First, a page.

———. “Art and Artists.” New York Globe and Commercial Advertiser, February 17, 1913, 8.

———. “Art and Artists.” New York Globe and Commercial Advertiser, February 21, 1913, 6.

———. “Art and Artists.” New York Globe and Commercial Advertiser, March 11, 1913, 8.

“An Ill Timed Movement.” American Art News 10, no. 16 (January 27, 1912): 4.

“The International Art Exhibition.” The Nation 96, no. 2486 (February 20, 1913): 174.

Kemp, Harry. “The Exhibition.” The Independent 74, no. 3353 (March 6, 1913): 512.

Kerlosquet, Hippolyte de. “Discourse on the Ways of artists in America.” Arts & Decoration Special Exhibition Number (March 1913): 182.

“Koopman Answers (?) [sic] Cox.” American Art News 11, no. 24 (March 29, 1913): 4.

Laurvik, J. Nilsen. “The Coming Cubists Explain Their Picture Puzzles. Picasso and Cézanne Tell Us What They Mean.” Boston Evening Transcript, April 12, 1913, part 3, 2.

———. Is it Art?: Post-Impressionism, Futurism, Cubism. New York: The International Press, 1913.

–——. “New Paths in Art.” The International 7 no. 4 (April 1913): 87–94.

“Lawlessness in Art.” The Century Magazine. 86, no. 1 (May 1913): 150.

MacColl, W. D. “The International Exhibition of Modern Art: An Impression.” Forum 50 (July 1913): 24.

Markino, Yoshio. “The Post-Impressionist and Others.” The Nineteenth Century and After 432 (February 1913): 317–27.

F. J. M., Jr. [Frank Jewett Mather]. “Art: Old and New Art.” The Nation 96, no. 2488 (March 6, 1913): 240–43.

———. “Art: The Armory Exhibition.—II.” The Nation 96: 2489 (March 13, 1913): 267–68.

Mather, Frank Jewett, Jr. “Newest Tendencies in Art.” The Independent 74, no. 3353 (March 6, 1913): 504–12.

McCormick, William B. “American Painters and Sculptors to Hold Great Exhibition Here Beginning Feb. 25.” New York Press, December 29, 1912, 8.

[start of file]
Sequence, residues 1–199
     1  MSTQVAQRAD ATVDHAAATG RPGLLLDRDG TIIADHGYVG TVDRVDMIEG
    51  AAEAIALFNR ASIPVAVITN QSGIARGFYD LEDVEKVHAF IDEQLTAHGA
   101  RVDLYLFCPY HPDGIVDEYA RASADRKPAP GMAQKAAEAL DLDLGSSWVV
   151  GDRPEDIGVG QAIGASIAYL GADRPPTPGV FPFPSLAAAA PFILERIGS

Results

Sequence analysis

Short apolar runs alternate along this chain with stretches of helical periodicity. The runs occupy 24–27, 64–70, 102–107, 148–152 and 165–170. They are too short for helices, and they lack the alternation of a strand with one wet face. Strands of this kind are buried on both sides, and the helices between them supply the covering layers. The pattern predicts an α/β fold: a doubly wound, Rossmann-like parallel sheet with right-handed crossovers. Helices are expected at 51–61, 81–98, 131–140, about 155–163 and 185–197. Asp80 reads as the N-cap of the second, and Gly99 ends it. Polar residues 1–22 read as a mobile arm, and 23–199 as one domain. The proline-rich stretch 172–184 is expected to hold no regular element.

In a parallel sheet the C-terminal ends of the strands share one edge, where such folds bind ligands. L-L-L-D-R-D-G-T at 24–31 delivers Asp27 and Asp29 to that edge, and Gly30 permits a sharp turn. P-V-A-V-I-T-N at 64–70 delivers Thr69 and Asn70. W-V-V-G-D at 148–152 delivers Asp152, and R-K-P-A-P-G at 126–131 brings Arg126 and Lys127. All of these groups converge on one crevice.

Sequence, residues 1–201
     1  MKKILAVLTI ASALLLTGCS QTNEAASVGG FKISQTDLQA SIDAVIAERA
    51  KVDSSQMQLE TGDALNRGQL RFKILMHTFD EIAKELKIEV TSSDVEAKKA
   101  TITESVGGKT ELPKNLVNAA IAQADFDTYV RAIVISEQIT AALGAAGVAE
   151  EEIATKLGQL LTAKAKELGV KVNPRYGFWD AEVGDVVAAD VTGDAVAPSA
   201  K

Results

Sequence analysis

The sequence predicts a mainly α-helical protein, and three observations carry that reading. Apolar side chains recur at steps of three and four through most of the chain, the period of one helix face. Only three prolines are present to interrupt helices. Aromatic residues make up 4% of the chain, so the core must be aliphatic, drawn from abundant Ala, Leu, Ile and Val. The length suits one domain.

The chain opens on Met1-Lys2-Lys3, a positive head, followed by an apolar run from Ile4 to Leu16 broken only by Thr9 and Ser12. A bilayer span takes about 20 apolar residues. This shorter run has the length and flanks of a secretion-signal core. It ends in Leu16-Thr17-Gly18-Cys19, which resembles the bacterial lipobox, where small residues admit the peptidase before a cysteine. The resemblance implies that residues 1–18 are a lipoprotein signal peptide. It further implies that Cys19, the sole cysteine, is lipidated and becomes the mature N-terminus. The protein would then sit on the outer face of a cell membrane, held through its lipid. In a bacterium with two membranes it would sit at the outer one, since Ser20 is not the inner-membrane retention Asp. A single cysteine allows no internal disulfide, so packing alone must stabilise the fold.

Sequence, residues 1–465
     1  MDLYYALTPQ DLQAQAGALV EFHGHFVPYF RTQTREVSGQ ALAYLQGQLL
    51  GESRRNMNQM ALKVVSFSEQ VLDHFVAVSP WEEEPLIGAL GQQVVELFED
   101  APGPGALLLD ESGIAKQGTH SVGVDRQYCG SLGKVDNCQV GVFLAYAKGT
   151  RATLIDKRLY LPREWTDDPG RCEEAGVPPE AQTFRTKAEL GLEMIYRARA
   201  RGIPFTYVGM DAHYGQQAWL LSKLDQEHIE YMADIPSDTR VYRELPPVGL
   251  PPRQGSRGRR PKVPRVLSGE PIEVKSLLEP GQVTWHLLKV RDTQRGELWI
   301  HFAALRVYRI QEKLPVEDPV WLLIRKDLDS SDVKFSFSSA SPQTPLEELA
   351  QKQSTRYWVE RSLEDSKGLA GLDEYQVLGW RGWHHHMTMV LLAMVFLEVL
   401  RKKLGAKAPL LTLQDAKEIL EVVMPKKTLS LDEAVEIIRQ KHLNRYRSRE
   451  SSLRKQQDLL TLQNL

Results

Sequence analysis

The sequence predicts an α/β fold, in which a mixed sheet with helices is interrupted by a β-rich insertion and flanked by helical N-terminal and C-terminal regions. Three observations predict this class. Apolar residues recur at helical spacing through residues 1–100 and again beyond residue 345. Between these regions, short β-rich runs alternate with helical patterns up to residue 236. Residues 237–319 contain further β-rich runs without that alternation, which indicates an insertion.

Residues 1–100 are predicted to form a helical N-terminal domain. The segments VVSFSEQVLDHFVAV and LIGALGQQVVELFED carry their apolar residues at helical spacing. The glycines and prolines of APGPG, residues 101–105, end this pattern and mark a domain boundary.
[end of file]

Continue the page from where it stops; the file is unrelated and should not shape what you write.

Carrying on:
———. “Artworks of Cubists, Futurists and Post-Impressionists Interest Public Most.” New York Press, February 23, 1913, sec. 2, p. 6.

———. “Success of International Exhibition Disproves Statements that Art is Dead.” New York Press, March 2, 1913, sec. 2, p. 6.

Meltzer, Charles Henry. “New York Sees Things.” Hearst Magazine 23 (April 1913): 635–36.

Merrick, L. “The Armory Show.” American Art News 11, no. 21 (March 1, 1913): 2.

———. “Picabia ‘The Tubist’.” American Art News 11, no. 24 (March 22, 1913): 7.

“The Mob as Art Critic.” The Literary Digest 46 (March 29, 1913): 708–9.

Monroe, Harriet. “Art Show Open to Freaks.” Chicago Daily Tribune, February 17, 1913, 5.

———. “New York Has at Last Achieved a Cosmopolitan Modern Exhibit.” Chicago Daily Tribune, February 22, 1913, sec. B, 6.

“Mr. Weir Resigns.” American Art News 10, no. 14 (January 13, 1912): 6.

“New Society Formed.” American Art News 10, no. 13 (January 6, 1912): 3.

New York American. “At the Art Exhibit.” March 2, 1913, sec. 4, p. 3.

———. “Borglum Resigns ‘Farcical’ Art Office.” February 7, 1913, 1.

———. “‘Progressives’ in Art Counted Out by Reactionaries.” June 27, 1912, 13.

New-York Daily Tribune. “Matters of Art.” January 21, 1912, 7.

New York Evening Mail. “Ultra Moderns in a Live Art Exhibition at 69th’s Armory.” February 17, 1913, 8.

New York Evening Post. “Art Insurgents Organize.” January 3, 1913, 1.

———. “Art Madness Recaptured.” February 25, 1913, 9.

———. “International Art.” February 20, 1913, 9.

———. “International Art.” February 22, 1913, 5.

——. “The International Art Exhibition.” February 18, 1913, 8.